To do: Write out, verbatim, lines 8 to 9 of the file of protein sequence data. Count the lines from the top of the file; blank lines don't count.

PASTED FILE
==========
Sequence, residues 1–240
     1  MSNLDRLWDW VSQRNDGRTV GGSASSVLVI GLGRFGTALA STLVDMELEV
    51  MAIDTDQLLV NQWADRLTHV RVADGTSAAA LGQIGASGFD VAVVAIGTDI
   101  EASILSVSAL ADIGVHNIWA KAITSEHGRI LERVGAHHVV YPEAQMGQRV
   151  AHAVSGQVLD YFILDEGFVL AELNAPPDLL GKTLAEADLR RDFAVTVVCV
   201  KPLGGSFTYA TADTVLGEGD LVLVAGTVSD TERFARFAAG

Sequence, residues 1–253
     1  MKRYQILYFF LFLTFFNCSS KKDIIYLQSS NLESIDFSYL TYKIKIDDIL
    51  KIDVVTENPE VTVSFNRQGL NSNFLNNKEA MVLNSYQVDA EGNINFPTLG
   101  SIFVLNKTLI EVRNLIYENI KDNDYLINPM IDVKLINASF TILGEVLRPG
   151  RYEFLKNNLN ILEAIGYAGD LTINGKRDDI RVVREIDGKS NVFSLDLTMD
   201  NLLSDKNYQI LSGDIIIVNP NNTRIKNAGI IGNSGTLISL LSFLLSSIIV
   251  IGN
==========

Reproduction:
     1  MKRYQILYFF LFLTFFNCSS KKDIIYLQSS NLESIDFSYL TYKIKIDDIL
    51  KIDVVTENPE VTVSFNRQGL NSNFLNNKEA MVLNSYQVDA EGNINFPTLG